Have you ever wondered how to really get your sliding window tracks clean? Even with their dirt and dead flies, they are often one of the most overlooked areas inside our homes. Well, this is a great time of year to clean them – and we’ll tell you exactly what to do, later in the column.
But before we get to that, let’s review our last blog’s End of Summer To Do list. (It’s a little like school, even if you missed last week’s blog you’re not off the hook for the assignment.)
REVIEWING LAST WEEK
Last week we mentioned once again how a good paint job is important for your house’s siding and keeping the water, mold and mildew out! Also, we reiterated that even if you don’t paint your house this year, a scrub with 30 Second cleaner and a good rinse will get the grime off and actually help your current paint job last.
We also stressed ladder safety in the same breath as what to do if you don’t have gutter guards to keep out debris or your gutters themselves need to be secured tightly to your house. This is also a great time to take care of those issues.
Lastly, we mentioned that any grass, tree or shrub that is touching the siding or roof of your house needs to be cut back so it’s at least one-foot from any structure. And of course, if you see any dangerous limbs or unstable trees taking care of that now before the fall storms hit is the prudent thing to do.
CAULKING KEEPS MOISTURE OUT
While we talked about painting last week, we didn’t talk about caulking. So we can’t pass by the opportunity to do that today.
Sun (UV light) damages caulk. A good caulk job should be hidden from the sun and elements by paint or flashing whenever possible. So, if the caulk around windows and doors looks like it’s weathered, it’s time to start fresh. Of course – the optimal time to do this is before you paint. But if your inspection shows that new caulk is needed, don’t delay and then paint over it when cured.
For starters, take a sharp tool which will cut out the old caulk and remove it to sound wood or metal. Caulking over existing caulk not only doesn’t look as nice but it can also inadvertently trap moisture behind it – defeating the purpose of caulking to begin with! Once the affected section of caulk is removed, carefully apply new caulk. Use a wet finger or smoothing tool to seal the edges in tightly…less is more and covered is best.
GIVING WINDOWS A TRUE CLEAN-UP
It’s not just fresh caulk or even clean window panes that make a house feel fresh, a scrubbed up, bug-free window track is also a sign of a window that rainwater will drain properly through the irrigation channels hidden under the track to the outside. I’m sure you know what we’re talking about. The grime, dirt, specks of mold and families of flies that quickly accumulate in the tracks of your windows are simply gross.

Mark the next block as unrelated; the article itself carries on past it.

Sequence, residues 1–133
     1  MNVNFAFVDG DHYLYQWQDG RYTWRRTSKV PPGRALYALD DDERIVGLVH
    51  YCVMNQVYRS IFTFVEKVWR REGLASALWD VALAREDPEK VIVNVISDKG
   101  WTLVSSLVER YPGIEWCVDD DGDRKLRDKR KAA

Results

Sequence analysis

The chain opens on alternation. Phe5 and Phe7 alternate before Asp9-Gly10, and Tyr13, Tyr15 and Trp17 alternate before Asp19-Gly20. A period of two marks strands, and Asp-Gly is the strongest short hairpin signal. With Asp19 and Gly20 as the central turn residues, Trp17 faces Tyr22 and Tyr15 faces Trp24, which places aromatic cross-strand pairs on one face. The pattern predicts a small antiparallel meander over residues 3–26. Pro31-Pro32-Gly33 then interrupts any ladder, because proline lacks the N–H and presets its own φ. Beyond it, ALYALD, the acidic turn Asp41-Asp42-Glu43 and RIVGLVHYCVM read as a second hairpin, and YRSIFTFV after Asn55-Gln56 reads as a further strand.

Even if you are someone who is diligent about cleaning them, it’s typically hard to get them truly clean. Plus you may not have realized how much it can help to have the irrigation channel hidden under the window track clean. If it is clean it will prevent moisture from seeping into your window frames and siding.
So, here’s how you do it: First open your vinyl or aluminum openable window all the way. Then lift the moving portion of the window completely out. (Yes, you can do that!) Now you can take a putty knife and pop out the lower track so that it exposes the window frame. Yes, it does come out. Just lift the movable portion and clean. (Do take note of how it was sitting in the window frame first so you’ll know which end to put where.)
Now you you clean the part you removed and also clean and dry the area underneath the track. When the underneath and the track itself are clean and bug free, just place the window track back in, followed by the window.
CHECK FOR Z FLASHINGS AT WINDOW
While you are inspecting your windows, take a look from a different angle and go outside.
Most homes have something called Z flashings or head flash which is located on top of the trim board for your windows. The Z flashing diverts water away from the top of your window. Yes, your windows still show raindrops; however with Z flashing the majority of the water is directed away from the top of your window. This helps prevent leaks and the trouble they create for siding, trim and window frames.
However, not all homes have Z flashing above their windows. The better older homes back in the day had a sloped head trim board to do this job. If this is your type, make sure the wood is sound, caulked and well painted.
If your windows are leaking and don’t seem to have flashing, take a trip to your local hardware store and talk to the folks there about how to install some. Or, it’s a good project for a licensed professional to install them.